CANADA - The general manager of Manitoba Pork is hoping hearings this week in Geneva will lead to resolution of the dispute over Mandatory US Country of Origin Labelling, writes Bruce Cochrane.
Canada and Mexico made their case this week at the World Trade Organization for authorization to impose duties on imported US, products if the United States fails to bring Mandatory Country of Origin Labelling into compliance with its international trade obligations.
Manitoba Pork general manager Andrew Dickson, who was in Geneva, says the labelling law has dramatically harmed the beef and pork industries in Canada and Mexico.
Andrew Dickson-Manitoba Pork:
Canada is claiming that COOL has had an impact on the beef and pork industries in Canada of about $3.1 billion per annum.
Part of that is the result of the price suppression effects of not being able to export as freely as we used to into the US market and the loss of US export markets because of push back from processors and retailers in the United States from accepting animals that have been born and raised in Canada.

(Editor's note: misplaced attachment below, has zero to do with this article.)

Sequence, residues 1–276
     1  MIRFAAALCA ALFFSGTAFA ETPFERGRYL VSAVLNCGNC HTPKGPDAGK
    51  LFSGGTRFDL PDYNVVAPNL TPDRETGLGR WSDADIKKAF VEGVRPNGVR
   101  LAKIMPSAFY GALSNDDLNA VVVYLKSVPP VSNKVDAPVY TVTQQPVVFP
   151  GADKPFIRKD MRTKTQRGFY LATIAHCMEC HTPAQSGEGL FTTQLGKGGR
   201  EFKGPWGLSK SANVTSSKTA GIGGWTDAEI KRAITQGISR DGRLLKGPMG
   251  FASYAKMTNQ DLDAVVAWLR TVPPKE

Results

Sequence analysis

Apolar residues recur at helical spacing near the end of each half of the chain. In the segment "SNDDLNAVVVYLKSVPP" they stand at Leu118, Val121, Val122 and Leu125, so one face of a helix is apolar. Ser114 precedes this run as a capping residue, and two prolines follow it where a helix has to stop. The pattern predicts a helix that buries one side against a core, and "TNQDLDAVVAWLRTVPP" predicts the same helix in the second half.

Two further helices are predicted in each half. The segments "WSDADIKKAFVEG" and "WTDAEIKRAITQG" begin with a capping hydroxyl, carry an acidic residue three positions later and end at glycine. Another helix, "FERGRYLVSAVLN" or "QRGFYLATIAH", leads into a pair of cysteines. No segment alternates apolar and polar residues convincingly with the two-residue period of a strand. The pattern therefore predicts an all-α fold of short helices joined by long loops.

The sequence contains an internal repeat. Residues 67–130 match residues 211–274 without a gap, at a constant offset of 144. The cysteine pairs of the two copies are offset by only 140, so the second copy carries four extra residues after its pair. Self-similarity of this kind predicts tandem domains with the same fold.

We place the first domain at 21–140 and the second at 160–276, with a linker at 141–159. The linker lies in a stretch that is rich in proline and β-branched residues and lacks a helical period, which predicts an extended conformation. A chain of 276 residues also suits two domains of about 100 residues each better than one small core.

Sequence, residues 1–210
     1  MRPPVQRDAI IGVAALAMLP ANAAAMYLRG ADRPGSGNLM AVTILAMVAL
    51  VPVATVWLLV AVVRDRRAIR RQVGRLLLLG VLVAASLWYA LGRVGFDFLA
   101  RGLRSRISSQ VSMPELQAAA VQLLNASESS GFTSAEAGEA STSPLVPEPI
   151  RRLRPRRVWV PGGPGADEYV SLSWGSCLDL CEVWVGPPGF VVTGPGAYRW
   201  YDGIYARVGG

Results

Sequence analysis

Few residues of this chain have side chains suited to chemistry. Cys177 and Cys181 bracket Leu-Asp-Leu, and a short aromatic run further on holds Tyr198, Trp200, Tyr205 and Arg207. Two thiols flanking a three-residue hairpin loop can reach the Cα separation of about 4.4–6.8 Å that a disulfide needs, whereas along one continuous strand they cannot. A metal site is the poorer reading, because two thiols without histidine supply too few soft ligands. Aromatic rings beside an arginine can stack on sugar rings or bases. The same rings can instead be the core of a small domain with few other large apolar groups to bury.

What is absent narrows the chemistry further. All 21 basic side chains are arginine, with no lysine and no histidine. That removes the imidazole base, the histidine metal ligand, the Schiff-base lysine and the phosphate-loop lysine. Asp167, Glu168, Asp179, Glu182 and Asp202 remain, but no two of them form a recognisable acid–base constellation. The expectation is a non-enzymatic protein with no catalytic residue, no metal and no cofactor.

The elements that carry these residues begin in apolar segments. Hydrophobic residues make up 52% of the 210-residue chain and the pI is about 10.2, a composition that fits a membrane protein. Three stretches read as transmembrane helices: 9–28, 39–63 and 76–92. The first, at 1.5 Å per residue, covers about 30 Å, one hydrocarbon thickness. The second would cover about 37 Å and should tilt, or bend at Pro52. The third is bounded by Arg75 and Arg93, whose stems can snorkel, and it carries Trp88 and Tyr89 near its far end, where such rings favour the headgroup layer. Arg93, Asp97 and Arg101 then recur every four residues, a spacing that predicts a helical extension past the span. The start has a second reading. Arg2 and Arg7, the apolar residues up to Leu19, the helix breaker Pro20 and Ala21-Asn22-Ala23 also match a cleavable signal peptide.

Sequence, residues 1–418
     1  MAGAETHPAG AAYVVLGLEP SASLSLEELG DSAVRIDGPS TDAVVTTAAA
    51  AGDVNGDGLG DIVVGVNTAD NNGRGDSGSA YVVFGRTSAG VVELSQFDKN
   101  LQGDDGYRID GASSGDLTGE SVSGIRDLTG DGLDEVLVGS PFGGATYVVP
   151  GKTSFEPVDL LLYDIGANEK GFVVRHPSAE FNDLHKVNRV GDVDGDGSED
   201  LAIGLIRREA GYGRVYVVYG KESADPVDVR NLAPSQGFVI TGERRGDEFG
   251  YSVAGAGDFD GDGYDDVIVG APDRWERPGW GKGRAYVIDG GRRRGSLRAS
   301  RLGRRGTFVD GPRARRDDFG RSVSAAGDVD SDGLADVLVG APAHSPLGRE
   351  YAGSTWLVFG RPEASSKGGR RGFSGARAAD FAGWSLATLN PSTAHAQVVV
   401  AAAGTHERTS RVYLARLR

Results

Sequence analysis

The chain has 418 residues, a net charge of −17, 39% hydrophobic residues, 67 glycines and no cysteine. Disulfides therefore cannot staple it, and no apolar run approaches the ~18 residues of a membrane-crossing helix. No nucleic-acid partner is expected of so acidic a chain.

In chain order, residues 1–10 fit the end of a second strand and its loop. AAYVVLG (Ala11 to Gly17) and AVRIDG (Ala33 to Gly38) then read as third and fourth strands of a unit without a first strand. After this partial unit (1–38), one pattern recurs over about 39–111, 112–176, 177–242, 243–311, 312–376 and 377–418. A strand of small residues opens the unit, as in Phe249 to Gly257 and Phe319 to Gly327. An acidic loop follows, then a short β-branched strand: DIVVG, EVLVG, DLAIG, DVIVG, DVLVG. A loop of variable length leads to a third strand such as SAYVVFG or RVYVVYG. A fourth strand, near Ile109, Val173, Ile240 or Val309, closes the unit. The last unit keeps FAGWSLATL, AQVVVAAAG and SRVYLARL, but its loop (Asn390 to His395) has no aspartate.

Mexico is seeking similar authority to impose tariffs.
They're claiming that they should be able to put tariffs in place of $713,000,000 US.
Of course the United States is pushing back and saying that Canada and Mexico have grossly exaggerated their claims and they've used a different economic model to do their assessment and they've come up with figures that Canada experienced only $43,000,000 worth of hurt per year and that Mexico has maybe hurt to the point of $47,000,000 US per year.
The issue now in front of the panel is what number will the panel allow the two countries to impose.
Dickson expects the panel to rule sometime in November.
He's hopeful the US will respond by repealing COOL in time to avoid tariffs.
ThePigSite News Desk
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